A new multipollutant, no-threshold air quality health index based on short-term associations observed in daily time-series analyses

J Air Waste Manag Assoc. 2008 Mar;58(3):435-50. doi: 10.3155/1047-3289.58.3.435.


Air quality indices currently in use have been criticized because they do not capture additive effects of multiple pollutants, or reflect the apparent no-threshold concentration-response relationship between air pollution and health. We propose a new air quality health index (AQHI), constructed as the sum of excess mortality risk associated with individual pollutants from a time-series analysis of air pollution and mortality in Canadian cities, adjusted to a 0-10 scale, and calculated hourly on the basis of trailing 3-hr average pollutant concentrations. Extensive sensitivity analyses were conducted using alternative combinations of pollutants from single and multipollutant models. All formulations considered produced frequency distributions of the daily maximum AQHI that were right-skewed, with modal values of 3 or 4, and less than 10% of values at 7 or above on the 10-point scale. In the absence of a gold standard and given the uncertainty in how to best reflect the mix of pollutants, we recommend a formulation based on associations of nitrogen dioxide, ozone, and particulate matter of median aerodynamic diameter less than 2.5 microm with mortality from single-pollutant models. Further sensitivity analyses revealed good agreement of this formulation with others based on alternative sources of coefficients drawn from published studies of mortality and morbidity. These analyses provide evidence that the AQHI represents a valid approach to formulating an index with the objective of allowing people to judge the relative probability of experiencing adverse health effects from day to day. Together with health messages and a graphic display, the AQHI scale appears promising as an air quality risk communication tool.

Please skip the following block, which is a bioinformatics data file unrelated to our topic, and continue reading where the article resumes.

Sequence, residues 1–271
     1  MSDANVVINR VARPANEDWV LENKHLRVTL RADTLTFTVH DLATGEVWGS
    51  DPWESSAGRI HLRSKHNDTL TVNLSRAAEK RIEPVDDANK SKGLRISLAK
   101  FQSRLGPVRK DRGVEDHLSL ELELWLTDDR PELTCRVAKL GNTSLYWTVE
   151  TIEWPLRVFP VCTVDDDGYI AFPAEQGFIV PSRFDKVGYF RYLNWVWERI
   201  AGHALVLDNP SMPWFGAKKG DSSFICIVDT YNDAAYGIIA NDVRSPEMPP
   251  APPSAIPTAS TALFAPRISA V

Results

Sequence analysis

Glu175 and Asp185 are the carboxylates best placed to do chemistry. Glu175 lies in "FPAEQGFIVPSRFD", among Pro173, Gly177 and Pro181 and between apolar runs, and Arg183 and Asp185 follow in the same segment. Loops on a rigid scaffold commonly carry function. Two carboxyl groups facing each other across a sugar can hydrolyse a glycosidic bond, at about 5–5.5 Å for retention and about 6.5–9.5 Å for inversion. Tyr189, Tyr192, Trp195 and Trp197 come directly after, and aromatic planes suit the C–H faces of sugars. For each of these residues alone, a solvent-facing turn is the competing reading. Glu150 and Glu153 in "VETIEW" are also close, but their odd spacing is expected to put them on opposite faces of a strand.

MeSH terms

  • Air Pollutants / adverse effects*
  • Air Pollutants / analysis
  • Air Pollution*
  • Algorithms
  • Canada
  • Data Interpretation, Statistical
  • Environmental Health / standards*
  • Humans
  • Time Factors


  • Air Pollutants